Why Oliver Wyman?
The first thing I noticed about Oliver Wyman was the friendly atmosphere. After my first interview, a staff member showed me around the office and we stopped at the Salon, where she showed me the snack drawer, and we chatted for a while. The friendly atmosphere prompted me to join. Working at OW has changed the way I view myself in a significant way. When you’re working at a global company, it’s important to step out of your own community’s bubble and consider the way some of your coworkers see things, whether they’re across the country, or across the globe. I think being part of OW has helped me become a better global citizen.
One very significant milestone in my career at OW was when I hosted my first WOW Breakfast Chat. It was much larger than our typical breakfast chats (due to it taking place during National Women’s Month, and we had the women from the Women’s Leadership Series in the office). The planning took a while, and I was very nervous about speaking in front of a large audience (surprisingly I don’t like public speaking!) After walking around to the different break-out groups and listening to the lively conversations spurred by the articles I had chosen, I was finally able to breathe! That was a real milestone in my career, when I hosted an office-wide event and it went well!
My mentor is the head of our Talent Management department. I worked with her for a couple of months when we were both at another consulting firm. Fast forward a couple of years and I was soon sitting right in front of her office, in my own desk at Oliver Wyman. She has helped me throughout my entire career here, listening to me bounce ideas off of her, and always providing me with constructive feedback. She’s given me chances to mold my new role and advice on how to take it a step further.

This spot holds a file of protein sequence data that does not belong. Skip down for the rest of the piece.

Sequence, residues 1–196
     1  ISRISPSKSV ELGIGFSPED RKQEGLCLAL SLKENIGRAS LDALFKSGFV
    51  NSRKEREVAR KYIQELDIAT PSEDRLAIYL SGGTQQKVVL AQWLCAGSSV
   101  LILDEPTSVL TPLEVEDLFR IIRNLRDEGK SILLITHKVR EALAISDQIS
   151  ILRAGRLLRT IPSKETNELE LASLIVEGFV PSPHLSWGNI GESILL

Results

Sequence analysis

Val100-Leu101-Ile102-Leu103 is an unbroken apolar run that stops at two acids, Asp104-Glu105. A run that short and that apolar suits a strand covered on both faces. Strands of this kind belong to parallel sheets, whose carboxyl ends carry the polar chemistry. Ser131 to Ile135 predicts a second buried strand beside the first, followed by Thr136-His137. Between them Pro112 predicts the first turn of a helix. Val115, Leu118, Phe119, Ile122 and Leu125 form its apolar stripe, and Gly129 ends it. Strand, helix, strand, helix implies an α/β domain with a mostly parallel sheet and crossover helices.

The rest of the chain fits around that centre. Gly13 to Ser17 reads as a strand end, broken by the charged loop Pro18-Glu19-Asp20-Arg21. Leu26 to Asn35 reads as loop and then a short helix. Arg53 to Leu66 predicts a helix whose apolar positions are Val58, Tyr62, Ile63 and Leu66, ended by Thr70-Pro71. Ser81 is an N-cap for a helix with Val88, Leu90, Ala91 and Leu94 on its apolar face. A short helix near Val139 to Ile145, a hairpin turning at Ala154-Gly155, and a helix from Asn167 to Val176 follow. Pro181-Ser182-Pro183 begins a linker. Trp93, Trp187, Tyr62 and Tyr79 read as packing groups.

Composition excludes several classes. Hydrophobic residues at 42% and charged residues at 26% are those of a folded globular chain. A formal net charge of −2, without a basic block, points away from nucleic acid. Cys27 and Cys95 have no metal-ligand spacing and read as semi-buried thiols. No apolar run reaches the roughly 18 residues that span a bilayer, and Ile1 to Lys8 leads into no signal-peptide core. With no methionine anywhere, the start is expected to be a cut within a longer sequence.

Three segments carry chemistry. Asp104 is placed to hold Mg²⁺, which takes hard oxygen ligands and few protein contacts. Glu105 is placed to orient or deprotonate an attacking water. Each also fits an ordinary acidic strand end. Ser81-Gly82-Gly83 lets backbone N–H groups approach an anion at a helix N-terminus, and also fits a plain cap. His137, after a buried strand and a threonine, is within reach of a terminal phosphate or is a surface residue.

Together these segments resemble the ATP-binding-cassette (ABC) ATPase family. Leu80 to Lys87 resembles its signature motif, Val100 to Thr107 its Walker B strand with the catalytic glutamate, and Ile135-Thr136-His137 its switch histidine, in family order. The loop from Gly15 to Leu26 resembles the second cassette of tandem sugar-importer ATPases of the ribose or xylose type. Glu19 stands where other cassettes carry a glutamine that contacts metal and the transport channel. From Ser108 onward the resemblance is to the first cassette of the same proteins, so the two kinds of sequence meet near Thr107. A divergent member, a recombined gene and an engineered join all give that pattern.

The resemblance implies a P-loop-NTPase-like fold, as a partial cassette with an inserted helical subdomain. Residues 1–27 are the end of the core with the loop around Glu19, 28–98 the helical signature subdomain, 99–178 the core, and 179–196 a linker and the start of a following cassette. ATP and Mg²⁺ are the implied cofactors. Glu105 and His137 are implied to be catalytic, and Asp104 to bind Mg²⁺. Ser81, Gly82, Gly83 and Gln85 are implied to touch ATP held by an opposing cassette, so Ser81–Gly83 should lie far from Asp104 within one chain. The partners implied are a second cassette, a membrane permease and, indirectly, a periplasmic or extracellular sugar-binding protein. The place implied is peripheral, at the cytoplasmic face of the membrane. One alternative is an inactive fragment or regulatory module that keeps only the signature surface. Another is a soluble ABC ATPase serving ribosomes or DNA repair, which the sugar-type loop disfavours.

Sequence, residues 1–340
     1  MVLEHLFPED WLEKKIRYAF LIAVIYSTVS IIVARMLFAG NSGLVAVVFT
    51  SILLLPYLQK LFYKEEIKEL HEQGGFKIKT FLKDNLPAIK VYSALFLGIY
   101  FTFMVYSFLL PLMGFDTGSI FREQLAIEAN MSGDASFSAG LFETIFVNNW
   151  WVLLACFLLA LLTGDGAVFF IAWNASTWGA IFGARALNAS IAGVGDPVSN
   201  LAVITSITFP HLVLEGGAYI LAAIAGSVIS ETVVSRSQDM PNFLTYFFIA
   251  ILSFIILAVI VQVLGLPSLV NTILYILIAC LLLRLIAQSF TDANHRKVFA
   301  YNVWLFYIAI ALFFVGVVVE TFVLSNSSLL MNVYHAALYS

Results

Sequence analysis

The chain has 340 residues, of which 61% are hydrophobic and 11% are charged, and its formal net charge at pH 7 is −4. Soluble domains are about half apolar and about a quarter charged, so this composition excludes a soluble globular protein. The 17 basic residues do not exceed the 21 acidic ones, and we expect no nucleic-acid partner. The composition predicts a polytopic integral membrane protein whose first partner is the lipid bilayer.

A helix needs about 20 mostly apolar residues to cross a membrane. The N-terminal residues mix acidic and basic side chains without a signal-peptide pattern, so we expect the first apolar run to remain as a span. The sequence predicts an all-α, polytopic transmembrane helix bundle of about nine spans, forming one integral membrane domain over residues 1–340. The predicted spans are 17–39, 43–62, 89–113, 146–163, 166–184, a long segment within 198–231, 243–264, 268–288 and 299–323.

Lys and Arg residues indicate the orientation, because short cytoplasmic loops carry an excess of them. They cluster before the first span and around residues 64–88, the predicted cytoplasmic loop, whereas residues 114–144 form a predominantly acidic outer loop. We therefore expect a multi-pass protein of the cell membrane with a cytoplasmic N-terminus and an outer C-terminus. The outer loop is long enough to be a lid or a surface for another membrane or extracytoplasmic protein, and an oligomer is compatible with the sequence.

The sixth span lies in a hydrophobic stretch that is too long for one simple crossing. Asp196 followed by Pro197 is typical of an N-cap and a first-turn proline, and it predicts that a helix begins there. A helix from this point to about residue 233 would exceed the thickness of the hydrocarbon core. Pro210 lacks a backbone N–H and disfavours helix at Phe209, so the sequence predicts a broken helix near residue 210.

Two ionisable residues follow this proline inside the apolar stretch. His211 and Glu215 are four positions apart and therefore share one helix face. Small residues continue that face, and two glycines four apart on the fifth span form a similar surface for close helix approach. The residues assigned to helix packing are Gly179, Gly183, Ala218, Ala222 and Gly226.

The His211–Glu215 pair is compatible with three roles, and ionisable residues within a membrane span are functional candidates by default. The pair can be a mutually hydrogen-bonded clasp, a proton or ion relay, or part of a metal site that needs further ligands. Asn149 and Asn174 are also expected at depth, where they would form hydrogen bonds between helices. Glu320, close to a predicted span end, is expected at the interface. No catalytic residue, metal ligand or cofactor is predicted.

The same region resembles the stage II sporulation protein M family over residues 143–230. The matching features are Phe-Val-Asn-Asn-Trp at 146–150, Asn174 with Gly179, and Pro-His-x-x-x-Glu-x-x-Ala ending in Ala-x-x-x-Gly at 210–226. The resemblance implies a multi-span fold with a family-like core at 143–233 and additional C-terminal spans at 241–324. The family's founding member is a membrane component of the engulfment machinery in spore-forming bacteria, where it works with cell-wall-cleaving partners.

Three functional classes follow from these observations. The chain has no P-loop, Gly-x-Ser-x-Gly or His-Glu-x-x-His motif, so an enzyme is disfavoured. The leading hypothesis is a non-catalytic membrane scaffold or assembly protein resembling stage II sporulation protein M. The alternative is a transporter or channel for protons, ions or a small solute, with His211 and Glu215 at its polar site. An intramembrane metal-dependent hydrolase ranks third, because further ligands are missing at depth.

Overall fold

The greatest piece of advice she’s given me came after a meeting I had scheduled to talk about (read: complain) about a process and how it wasn’t working. After I had explained all my points, she asked me how I would solve it. I was silent and realized I hadn’t even considered this question; I was just looking at the negatives. Going forward, I would make sure that if I thought something could be structured differently (whether it’s a process, system, etc.) I would consider clear and actionable ways that it could be improved. There’s no point in stating the negatives unless you can come up with some positive ways to change that situation.
Another one of my talent management team members has had an especially large impact on my career here. When I joined the team, I reached out to him on a daily basis with a list of questions. He patiently explained processes and shortcuts to me and I would soon be teaching these to the next coordinator. He’s always been interested in my personal growth and has offered some great opportunities to push my role further. He’s ready to listen to my ideas, and has given me some great advice (such as double and triple check your emails before sending them!) He is also a coffee-addict like me, and frequently has a new place we should try.
Lastly, one our inclusion & diversity managers has had a large impact on my career. About a year into my tenure here, I started feeling more comfortable and wanted to get more involved in some of the ERGs and be able to “give back’ to the company that had already given me a lot. I reached out to her, expressing a keen interest in GLOW. She connected me with some of the NYC co-Leads and made sure to include me whenever she could. I’ve also had the opportunity to have some really great non-work conversations spanning from feminism and racism to Beyoncé (which actually directly correlate, see: “Lemonade”)